Jonathan Russ (05/12/04)
This week's class, the final class of the year, consisted of a discussion about President Bush's Mars initiative. Each member of the class presented his or her thoughts for five minutes, defending either Thesis 1 (arguing for presidential control over NASA) or Thesis 2 (arguing for congressional discussion with NASA to determine the future of the agency).
In my opinion, the setup of the class was not optimal for a good discussion of the subject. Since all of the students defending Thesis 1 presented before those defending Thesis 2, there was not a true opportunity for rebuttal and synthesis of each others comments into the discussion. What resulted were people presenting their predetermined ideas and often repeating each other.
Regardless, many important points were brought up that shed light on Bush's Mars initiative. The most commonly discussed subject was that of partisanship and bureaucracy; Thesis 1 stressed the imperfection of Congress, and Thesis 2 stressed that of the President. It is important to realize that both Congress and the President are a part of the same Washington political system and that governmental control, no matter where it comes from, will be subject to the outside forces that contribute to policymaking. Furthermore, as I stated in my presentation, the idea of “bypassing bureaucracy” (as Mike put it) is inherently undemocratic; control by presidential mandate would be akin to dictatorial power, and dictatorial power over anything in a democratic system is the first step towards the system's demise. In any case, it is impossible, given Congress' control over the federal budget.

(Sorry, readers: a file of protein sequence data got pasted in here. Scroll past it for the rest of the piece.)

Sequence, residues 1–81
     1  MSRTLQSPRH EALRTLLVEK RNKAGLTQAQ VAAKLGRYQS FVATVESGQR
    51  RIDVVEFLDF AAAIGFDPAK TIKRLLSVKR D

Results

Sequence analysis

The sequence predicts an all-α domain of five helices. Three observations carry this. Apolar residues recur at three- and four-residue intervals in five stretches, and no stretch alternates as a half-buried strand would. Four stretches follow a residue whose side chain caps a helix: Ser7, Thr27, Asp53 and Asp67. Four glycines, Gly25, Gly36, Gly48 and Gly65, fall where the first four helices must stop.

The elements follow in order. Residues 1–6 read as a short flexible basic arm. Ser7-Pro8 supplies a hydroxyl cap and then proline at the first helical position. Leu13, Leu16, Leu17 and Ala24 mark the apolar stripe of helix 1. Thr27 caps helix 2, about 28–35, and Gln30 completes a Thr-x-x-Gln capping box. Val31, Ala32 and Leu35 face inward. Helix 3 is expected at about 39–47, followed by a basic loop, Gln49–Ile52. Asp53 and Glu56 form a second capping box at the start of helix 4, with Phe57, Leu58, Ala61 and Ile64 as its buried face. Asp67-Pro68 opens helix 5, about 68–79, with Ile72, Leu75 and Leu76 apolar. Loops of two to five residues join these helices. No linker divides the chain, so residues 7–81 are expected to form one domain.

I found Gil Gattan's point about keeping separate the issues of NASA's governmental control and the evaluation of the Mars initiative itself to be quite important. We can speculate all day about Bush's motivations for the initiative or the likelihood of adequate Congressional funding, but such speculation can only help us evaluate the initiative itself in limited ways. The politics surrounding the initiative can help us to determine the likelihood of its implementation and to predict possible changes, but they tell us nothing about the initiative itself.To close, I'd like to thank everybody involved with this course—Professor Head, Jay Dickson, and the rest of the class—for a great semester. I truly enjoyed the multidisciplinary approach towards the subject matter and the personal experiences of both the professor and guests made it quite easy to feel engaged in the real world of planetary science and policy. And Andrew's animation was great!